People with heart disease or people who are taking medicines for blood pressure or excess fluid, such as diuretics are at higher risk of falling ill, heart attack and death during a heatwave.
Heart Foundation SA director of Cardiovascular Health, Wendy Keech, said this was only the start of a long hot summer so people needed to prepare themselves and think about how they’ll manage.
“People most at risk are those with a chronic disease, such as heart disease, as well older people, children, people taking certain types of medicines, and people engaged in strenuous outdoor activity or physical labour,” Ms Keech said.
“People who are in the high risk groups should take care during a heatwave and consult their GP about the best ways to manage their condition.”
Ms Keech explained as the temperature rises, the body tries to adapt and balance the heat by increasing blood flow to the skin and by sweating.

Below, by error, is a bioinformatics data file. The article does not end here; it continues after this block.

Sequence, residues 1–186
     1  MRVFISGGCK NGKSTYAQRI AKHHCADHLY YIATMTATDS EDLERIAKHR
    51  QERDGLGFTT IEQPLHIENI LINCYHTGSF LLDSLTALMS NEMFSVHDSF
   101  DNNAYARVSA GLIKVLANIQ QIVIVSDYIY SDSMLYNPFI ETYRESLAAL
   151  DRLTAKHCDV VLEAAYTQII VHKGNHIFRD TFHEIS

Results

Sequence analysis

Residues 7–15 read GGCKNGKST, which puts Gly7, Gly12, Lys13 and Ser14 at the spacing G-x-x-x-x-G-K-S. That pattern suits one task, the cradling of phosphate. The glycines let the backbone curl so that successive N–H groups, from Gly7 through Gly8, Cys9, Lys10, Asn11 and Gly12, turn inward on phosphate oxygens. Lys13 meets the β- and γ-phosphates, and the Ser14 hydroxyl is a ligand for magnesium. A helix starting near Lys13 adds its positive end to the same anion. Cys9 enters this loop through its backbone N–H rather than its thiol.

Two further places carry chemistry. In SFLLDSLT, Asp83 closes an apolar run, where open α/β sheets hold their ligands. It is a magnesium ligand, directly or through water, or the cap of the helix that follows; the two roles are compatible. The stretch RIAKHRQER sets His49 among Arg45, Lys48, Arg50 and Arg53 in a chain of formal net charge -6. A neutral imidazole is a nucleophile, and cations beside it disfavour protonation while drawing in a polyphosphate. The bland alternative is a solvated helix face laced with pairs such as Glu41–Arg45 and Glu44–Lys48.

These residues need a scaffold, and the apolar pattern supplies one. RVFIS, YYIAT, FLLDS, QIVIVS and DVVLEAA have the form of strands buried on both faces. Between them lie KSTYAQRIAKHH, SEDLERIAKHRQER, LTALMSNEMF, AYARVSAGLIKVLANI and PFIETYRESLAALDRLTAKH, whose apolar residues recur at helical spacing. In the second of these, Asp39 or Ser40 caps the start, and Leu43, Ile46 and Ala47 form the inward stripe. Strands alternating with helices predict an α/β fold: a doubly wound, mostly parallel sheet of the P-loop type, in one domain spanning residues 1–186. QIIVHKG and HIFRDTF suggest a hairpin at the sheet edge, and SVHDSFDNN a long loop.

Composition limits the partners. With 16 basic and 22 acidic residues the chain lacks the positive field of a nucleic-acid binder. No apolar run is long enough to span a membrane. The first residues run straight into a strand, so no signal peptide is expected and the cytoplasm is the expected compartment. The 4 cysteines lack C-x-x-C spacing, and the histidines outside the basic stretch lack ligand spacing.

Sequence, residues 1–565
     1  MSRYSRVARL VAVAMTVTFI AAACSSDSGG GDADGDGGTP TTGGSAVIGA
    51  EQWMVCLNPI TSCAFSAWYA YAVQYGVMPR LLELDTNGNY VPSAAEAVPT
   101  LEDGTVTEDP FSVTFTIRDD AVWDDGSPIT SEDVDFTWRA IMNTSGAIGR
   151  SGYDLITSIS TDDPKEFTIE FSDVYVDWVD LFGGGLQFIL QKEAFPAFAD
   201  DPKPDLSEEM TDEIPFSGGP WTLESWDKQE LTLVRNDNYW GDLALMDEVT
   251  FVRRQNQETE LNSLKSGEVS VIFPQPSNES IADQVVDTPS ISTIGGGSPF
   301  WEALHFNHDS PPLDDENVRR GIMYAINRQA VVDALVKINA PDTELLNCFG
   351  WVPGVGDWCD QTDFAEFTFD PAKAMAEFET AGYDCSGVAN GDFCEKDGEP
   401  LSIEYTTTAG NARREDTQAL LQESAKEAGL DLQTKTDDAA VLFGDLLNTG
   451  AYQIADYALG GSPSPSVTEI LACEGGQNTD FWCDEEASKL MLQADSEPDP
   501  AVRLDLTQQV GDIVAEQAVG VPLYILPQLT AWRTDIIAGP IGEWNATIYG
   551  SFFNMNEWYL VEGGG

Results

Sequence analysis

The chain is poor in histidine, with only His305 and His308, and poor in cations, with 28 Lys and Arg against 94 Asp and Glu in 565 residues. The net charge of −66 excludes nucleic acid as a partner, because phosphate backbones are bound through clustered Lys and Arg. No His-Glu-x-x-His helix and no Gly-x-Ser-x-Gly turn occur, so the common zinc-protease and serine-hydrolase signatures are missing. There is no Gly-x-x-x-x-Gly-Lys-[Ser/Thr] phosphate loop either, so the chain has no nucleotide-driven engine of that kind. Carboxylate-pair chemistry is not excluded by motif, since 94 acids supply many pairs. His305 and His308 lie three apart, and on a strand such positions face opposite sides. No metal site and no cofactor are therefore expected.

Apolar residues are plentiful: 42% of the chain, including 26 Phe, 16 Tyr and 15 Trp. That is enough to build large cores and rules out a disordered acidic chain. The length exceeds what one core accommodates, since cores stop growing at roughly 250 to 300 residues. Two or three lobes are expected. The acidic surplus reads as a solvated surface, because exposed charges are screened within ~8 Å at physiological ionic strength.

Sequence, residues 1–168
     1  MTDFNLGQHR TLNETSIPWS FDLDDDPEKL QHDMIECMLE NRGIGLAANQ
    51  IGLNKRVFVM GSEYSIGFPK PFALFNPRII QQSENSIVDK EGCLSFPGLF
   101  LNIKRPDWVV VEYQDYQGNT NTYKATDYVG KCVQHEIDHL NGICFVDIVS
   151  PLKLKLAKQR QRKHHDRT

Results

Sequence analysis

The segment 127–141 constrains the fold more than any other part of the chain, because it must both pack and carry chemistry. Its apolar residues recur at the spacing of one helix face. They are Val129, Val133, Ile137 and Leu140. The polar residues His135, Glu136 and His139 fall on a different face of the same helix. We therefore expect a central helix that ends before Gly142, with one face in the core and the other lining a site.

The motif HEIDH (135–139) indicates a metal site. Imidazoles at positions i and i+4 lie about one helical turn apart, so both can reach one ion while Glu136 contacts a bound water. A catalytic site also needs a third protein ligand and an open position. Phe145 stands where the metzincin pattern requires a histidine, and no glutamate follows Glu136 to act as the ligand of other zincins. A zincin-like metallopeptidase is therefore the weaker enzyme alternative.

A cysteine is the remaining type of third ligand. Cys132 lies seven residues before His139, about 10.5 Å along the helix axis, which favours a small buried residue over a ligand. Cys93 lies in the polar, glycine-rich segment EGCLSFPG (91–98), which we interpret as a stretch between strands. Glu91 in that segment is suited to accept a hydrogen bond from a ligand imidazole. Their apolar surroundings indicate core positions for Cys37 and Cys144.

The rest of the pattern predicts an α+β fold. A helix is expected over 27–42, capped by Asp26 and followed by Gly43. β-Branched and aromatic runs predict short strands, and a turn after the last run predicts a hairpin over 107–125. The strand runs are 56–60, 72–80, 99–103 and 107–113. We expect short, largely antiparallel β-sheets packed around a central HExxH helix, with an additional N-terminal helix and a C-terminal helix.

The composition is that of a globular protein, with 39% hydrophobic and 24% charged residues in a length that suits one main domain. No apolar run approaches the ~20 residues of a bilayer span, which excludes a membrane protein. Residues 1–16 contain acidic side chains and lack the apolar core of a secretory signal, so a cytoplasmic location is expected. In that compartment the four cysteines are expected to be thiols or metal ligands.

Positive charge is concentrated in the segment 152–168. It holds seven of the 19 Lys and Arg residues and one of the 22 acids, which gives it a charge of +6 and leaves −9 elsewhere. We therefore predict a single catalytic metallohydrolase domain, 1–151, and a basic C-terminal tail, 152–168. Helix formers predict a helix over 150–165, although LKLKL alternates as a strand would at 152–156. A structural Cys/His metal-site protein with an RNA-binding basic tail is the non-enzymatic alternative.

“Sweating leads to dehydration, which reduces the volume of blood. This makes the heart pump harder in order to circulate the reduced amount of blood around the body,” she said.
In Australia, heatwaves claim more lives than any other natural hazard.
Tips during a heatwave
- Look after yourself and keep in touch with others
- Drink plenty of water without waiting for thirst (if your doctor normally limits your fluids, check how much to drink during hot weather)
- Keep cool – stay indoors or in an air-conditioned environment
- Stay out of the sun
- Reduce normal activity levels